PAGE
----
Non-doing is uncomfortable but worth it

I rolled out of my twin bed and stumbled into the common room. As I started the coffee maker I started thinking about my day and had a feeling of emptiness.

I had nothing to do.

It was sometime in early September in 2018. I had just moved across the globe to Taipei. I was technically a self-employed freelancer but didn’t have any clients. I was single and had declared to my friends a month earlier that I was going to embrace a life path as a “cool uncle.” …


A Book Review of Agnes Callard’s Aspiration

To others, I made a bold decision to quit my job and chart a different course in 2017. Yet in my own experience of the event, there was no singular moment or decision made. This disconnect between my own experience and the narrative of bold all-or-nothing leaps has mystified me and driven a lot of my own writing about the process.

I thought I was alone in pondering this question until I stumbled upon a small reference to Agnes Callard’s work in a New Yorker article about decision making. Here is that passage:

Agnes Callard, a philosopher at the University…


Remote work is poorly understood and for good reason. What most people have experienced is merely being “allowed” to work remotely on occasion, having to stay home with someone sick in the family, logging in while traveling or waiting for the cable guy to install internet.

While I am a fan of remote working I am not sure that most companies realize that experimenting with remote work until the end of the covid-19 crisis is a free strategy option. …


I’ve been self-employed for three years and after landing remote gigs in my first couple of months and enjoying the freedom and flexibility, I decided to “default to remote” with everything I worked on.

Two years ago I moved to Asia and “default to remote” went from a nice idea to the only option to continue to with my consulting business. In addition, it gave me useful constraints that forced me to think more deeply about how to build a lasting life and work by creating and working digitally.

Over that time, I’ve worked in many different ways with Zoom…


The most important ideas on culture

Culture is a messy term. In 1952, two Academics, Kroeber and Kluckhohn, completed a comprehensive review of the term and found that by then there were over 134 definitions.

As Kroeber and Kluckhohn explored the history of the word, they found all roads pointing to Germany, where the word was emerging as “cultur”:

Kant, for instance, like most of his contemporaries, still spells the word Cultur, but uses it repeatedly, always with the meaning of cultivating or being cultured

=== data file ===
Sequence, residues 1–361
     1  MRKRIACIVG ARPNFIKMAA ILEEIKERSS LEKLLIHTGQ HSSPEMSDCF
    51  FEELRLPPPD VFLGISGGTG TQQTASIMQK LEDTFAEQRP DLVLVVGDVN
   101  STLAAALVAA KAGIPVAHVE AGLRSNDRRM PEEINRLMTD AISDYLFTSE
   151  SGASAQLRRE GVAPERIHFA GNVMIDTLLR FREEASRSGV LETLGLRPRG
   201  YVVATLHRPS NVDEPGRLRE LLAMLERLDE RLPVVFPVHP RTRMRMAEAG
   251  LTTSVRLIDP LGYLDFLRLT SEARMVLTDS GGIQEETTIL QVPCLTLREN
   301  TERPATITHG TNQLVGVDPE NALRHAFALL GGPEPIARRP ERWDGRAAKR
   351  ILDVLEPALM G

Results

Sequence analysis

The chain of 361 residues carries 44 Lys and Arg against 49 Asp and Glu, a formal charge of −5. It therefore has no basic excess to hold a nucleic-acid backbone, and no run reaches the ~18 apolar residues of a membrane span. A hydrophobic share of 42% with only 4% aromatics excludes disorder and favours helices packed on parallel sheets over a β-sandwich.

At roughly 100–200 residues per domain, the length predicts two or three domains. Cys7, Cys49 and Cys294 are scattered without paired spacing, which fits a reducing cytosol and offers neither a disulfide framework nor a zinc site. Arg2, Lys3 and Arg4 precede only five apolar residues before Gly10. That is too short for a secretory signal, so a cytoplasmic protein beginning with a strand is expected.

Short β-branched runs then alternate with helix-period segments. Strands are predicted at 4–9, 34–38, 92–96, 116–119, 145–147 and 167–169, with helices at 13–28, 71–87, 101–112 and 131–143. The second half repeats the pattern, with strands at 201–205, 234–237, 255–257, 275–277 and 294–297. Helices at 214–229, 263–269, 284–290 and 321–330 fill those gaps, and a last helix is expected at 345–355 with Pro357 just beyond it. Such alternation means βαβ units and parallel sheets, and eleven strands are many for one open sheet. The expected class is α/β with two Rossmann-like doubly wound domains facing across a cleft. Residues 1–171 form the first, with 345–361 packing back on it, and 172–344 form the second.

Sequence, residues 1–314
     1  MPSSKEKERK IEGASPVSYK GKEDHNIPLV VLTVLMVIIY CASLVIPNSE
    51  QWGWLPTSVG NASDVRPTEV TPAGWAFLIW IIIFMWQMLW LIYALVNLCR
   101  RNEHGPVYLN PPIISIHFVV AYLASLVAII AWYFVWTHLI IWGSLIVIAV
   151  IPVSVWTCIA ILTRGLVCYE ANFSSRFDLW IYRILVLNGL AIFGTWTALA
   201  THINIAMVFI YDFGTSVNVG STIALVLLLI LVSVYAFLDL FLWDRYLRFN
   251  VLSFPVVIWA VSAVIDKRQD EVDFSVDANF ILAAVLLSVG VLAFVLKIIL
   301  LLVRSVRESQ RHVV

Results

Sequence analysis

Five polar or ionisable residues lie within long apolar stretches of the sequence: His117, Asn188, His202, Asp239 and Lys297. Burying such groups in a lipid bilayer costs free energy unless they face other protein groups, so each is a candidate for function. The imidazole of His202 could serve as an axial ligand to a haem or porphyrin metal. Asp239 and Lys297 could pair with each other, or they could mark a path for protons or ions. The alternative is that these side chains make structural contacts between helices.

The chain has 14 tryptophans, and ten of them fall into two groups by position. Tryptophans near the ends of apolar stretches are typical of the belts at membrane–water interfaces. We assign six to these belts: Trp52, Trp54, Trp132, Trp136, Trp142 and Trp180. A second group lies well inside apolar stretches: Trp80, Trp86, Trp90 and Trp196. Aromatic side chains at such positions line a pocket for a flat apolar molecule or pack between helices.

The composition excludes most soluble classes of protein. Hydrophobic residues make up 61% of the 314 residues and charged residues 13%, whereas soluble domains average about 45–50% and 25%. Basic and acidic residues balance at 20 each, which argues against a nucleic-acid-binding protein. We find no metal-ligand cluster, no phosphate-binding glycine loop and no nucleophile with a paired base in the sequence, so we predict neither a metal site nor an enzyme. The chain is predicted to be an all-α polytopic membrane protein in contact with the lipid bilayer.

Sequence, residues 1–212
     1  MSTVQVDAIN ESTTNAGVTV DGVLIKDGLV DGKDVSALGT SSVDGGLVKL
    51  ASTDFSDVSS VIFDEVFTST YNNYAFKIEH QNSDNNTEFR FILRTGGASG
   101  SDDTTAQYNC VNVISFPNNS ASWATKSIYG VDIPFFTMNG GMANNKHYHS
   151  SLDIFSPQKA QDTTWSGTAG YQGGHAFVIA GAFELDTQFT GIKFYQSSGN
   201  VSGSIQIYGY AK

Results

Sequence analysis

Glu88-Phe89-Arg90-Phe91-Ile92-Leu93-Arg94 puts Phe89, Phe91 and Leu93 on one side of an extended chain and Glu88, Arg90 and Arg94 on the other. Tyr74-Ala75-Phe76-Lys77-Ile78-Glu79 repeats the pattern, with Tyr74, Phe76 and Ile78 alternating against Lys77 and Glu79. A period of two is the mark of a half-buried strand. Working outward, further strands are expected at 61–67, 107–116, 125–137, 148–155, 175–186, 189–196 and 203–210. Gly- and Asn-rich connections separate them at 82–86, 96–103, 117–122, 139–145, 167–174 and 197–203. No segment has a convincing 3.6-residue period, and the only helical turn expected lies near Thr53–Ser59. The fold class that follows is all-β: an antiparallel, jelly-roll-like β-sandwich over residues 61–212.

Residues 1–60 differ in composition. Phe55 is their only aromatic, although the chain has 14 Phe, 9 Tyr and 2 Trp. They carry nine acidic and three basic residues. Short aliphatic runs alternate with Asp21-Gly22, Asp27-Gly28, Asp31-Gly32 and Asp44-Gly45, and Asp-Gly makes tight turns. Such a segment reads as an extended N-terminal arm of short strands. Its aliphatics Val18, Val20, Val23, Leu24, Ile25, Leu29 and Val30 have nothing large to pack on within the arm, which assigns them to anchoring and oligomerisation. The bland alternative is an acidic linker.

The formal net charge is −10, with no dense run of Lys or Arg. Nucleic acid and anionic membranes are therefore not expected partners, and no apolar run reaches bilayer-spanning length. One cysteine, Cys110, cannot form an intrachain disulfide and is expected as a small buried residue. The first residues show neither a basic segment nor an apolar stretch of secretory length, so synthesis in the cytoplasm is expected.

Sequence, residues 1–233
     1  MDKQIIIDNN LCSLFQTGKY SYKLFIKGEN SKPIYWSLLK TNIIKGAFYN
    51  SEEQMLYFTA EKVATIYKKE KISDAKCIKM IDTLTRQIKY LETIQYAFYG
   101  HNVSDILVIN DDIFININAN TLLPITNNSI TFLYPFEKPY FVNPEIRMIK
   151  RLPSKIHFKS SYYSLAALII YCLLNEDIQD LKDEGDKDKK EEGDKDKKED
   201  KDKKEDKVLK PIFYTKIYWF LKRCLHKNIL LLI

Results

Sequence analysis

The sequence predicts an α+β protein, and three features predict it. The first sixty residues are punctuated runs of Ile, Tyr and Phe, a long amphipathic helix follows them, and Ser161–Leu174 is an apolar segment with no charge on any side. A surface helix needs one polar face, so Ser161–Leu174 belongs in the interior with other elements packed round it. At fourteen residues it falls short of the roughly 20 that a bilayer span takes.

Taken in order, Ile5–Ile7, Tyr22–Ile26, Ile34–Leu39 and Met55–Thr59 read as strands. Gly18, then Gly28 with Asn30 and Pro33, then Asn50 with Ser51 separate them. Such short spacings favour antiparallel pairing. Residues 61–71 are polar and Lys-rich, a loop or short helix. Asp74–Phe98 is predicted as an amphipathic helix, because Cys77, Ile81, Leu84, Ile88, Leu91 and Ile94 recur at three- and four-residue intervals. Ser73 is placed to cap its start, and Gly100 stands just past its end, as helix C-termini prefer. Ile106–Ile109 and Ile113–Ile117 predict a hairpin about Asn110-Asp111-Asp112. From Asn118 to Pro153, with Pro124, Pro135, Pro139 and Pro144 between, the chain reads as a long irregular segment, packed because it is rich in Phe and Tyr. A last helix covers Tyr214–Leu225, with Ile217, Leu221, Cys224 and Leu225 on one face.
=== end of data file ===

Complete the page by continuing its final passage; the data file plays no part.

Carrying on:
It wasn’t until the late 1800’s that the word started to form into the modern form of the word, adopted by…


Taking the leap to self-employment

In my own experience and experience working with people who quit the corporate world to work on their own, I have found five consistent themes in common with most of these people. Most don’t plan these five things, but looking back there is an element of each in people who take the leap to self-employment.

cover five things you need to take a leap to self-employment or any leap off the beaten path.

#1 Make A Friend Taking A Different Path

People who take a leap often cite a strong influence that gave them proof or the courage that they could do something different. …


Rethinking the role of rest in the modern world

Photo by Rutger Geleijnse on Unsplash

More than two thousand years ago, the Roman stoic philosopher Seneca wrote a letter to his friend Paulinus, urging against a certain type of rest:

I do not summon you to slothful or idle inaction, or to drown all your native energy in slumbers and the pleasures that are dear to the crowd.

That is not to rest;

To the stoics rest and leisure were active pursuits. Rest did not mean, as it often does today, vacation, days off, or a day or two spent catching up on sleep.

For many of us, rest in the historical sense — the…


When one first encounters universal basic income, it is a radical idea. When you read a bit more about it, however, you come to realize that our current system may be the radical one. There are a number of sacred beliefs that support our current system. In order to embrace an idea such as universal basic income and other ideas that could help us imagine a life beyond work such as shorter workweeks and work-days, one must question these sacred beliefs:

#1 Work is virtuous

Reimagine Work

Dreaming beyond the default path…

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